Nokia E62 for Cingular

  • Share
  • Read Later

(2 of 2)

I'm not that crazy—I set it to check every 15 minutes, and only between 9am and 12 midnight. Annoyingly, it often forgets to check, sometimes for hours at a time. That's not a deal breaker for casual e-mail checkers, but it is something that needs improvement. Hopefully no one will e-mail to say that your house is on fire.

The E62 has a pretty smart browser. Type in a website and on the E62's screen you glimpse just a corner of the page. Use the joystick to move a cursor around on the page. Fast movement brings up a thumbnail image - a rough but handy treasure map showing everything you might want. After you've browsed a few pages, click the Back button and you'll see thumbnails of the pages you 've visited, so you can quickly pick the one you actually wanted to return to. As nice as the browsing experience was, I was foiled in my attempt to set up a collection of RSS news feeds despite the option clearly marked "Web feeds." I sense a tech support call in the near future.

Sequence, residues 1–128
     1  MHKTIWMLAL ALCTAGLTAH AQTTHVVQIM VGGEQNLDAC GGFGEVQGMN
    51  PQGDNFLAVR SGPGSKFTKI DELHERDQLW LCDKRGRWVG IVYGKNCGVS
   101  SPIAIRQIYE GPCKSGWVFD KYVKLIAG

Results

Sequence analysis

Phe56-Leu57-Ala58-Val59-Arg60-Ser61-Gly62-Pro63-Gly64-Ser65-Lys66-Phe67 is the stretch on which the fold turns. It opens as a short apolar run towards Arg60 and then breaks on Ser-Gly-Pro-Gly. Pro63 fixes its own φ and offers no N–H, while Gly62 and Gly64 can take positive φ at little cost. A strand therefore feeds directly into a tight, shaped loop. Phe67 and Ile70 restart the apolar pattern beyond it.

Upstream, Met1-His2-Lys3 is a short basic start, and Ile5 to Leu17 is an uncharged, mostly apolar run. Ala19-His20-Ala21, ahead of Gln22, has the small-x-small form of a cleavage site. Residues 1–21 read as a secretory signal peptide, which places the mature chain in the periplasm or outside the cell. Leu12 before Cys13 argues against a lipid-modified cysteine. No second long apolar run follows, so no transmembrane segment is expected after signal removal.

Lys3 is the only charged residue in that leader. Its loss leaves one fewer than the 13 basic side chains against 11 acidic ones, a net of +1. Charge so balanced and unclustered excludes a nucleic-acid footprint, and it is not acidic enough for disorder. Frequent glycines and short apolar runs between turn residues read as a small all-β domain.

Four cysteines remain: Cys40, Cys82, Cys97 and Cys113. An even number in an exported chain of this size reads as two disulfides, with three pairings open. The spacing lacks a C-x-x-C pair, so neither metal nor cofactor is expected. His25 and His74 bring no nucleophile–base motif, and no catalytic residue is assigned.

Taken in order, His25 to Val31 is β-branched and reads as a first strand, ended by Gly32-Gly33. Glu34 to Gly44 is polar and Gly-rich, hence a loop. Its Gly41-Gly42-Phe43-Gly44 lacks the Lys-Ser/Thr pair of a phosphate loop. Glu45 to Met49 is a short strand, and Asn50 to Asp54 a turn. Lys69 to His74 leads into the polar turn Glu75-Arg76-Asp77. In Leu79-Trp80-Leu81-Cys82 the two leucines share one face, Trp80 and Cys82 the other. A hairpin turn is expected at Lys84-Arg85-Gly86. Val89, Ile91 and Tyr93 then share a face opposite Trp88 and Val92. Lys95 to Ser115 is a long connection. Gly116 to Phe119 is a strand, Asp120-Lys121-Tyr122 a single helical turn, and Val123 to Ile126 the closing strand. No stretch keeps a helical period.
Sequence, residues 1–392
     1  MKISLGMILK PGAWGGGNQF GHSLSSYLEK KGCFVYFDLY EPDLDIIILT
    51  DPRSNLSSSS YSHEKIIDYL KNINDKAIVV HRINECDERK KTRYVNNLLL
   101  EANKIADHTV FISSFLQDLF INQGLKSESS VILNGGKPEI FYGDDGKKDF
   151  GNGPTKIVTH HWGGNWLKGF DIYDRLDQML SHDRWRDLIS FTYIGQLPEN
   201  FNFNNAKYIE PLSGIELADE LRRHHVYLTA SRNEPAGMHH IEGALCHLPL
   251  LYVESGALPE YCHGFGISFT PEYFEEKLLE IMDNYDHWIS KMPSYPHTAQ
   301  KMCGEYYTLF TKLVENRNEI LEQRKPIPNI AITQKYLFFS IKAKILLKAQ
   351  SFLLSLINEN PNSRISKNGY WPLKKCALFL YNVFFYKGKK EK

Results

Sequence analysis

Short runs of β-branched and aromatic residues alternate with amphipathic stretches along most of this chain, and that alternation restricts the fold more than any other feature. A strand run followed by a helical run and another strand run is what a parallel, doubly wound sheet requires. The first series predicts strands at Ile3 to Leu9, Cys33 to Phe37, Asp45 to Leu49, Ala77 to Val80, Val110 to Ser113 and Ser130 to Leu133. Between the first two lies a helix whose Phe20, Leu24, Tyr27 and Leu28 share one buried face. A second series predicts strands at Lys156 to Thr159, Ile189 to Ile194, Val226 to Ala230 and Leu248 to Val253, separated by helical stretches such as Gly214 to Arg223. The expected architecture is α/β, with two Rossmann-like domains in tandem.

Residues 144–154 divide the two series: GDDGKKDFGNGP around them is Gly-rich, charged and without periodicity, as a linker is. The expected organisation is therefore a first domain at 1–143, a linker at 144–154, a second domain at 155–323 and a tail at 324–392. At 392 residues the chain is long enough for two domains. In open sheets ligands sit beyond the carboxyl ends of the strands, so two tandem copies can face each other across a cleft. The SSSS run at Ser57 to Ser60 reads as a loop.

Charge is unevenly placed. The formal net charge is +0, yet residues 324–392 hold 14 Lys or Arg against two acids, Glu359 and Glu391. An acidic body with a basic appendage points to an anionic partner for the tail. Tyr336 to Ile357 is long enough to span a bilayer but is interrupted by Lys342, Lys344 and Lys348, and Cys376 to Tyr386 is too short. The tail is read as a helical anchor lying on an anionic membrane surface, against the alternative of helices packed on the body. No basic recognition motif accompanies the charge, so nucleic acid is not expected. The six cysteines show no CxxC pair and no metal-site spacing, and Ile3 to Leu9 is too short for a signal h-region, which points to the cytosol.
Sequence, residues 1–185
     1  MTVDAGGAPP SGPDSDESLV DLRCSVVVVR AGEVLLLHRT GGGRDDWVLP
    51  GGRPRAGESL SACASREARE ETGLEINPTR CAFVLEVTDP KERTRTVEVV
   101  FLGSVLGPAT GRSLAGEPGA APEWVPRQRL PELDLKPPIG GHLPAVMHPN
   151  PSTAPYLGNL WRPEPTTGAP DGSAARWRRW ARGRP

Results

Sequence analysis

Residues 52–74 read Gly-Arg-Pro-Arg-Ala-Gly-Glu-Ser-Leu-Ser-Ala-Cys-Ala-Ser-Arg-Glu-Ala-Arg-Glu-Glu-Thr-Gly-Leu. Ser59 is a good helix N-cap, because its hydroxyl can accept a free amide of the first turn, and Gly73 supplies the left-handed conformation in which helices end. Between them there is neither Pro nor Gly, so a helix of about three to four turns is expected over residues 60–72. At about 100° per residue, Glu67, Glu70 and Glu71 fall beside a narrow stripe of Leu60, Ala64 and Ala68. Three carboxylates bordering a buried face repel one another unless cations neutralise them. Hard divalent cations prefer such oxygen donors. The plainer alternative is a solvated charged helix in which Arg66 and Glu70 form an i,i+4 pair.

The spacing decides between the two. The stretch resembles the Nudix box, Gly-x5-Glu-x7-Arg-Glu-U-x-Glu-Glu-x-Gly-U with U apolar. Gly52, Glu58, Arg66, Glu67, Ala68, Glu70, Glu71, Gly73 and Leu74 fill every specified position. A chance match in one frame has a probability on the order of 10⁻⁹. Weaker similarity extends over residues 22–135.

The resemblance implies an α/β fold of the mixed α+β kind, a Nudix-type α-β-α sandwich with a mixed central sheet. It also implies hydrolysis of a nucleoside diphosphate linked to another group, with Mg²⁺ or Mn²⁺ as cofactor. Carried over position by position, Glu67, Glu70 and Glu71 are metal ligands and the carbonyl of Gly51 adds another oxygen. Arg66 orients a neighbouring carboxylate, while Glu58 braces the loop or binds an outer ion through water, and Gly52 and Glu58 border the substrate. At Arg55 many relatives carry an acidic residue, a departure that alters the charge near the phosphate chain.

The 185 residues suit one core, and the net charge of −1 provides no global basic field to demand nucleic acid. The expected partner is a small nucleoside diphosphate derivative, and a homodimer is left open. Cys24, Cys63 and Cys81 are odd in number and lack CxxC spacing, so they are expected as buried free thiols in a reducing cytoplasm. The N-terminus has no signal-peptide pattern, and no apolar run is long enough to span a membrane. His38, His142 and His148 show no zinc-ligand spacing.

The latest version of the Nokia PC Suite comes in very handy. For starters, it synchs with Outlook painlessly, copying your calendar and contacts right over. It let me browse all of the music on my PC and copy over any MP3 I wanted. It offered to convert the MP3s to a more streamlined format, but when I said OK, it failed. Whatever the case, I was able to choose any MP3 as my incoming call ringtone.

Since it's a Cingular device, it uses GSM and its relevant data networks, the low bandwidth GPRS and the tolerably fast EDGE. EDGE isn't as fast as the "broadband"EVDO used by Verizon Wireless and Sprint, nor is it as fast as Cingular's own high-speed data network, but operating on a slower network has the benefit of power efficiency. In the day and a half since I last charged its battery, after plenty of e-mails and some light calling, it hasn't dropped a bar's worth of juice.

Cingular's big problem here is that it doesn't have a good plan for the converts, people who want mobile e-mail but don't have the corporate allowance to cover the high monthly fee. T-Mobile knows this: unlimited web browsing and e-mail on a BlackBerry is just $20 on top of most regular voice plans. At Cingular, unlimited data will cost you $40 a month, in addition to a $40 450-minute voice plan. That's $80 per month before all of those weird extra charges. Cingular does have a $20 SmartPhone Connect Unlimited plan for two of its Windows Mobile phones. Hey Cingular, how about offering that rate to E62 buyers? That's how to get non-corporate types to fall in love.

  1. 1
  2. 2
  3. Next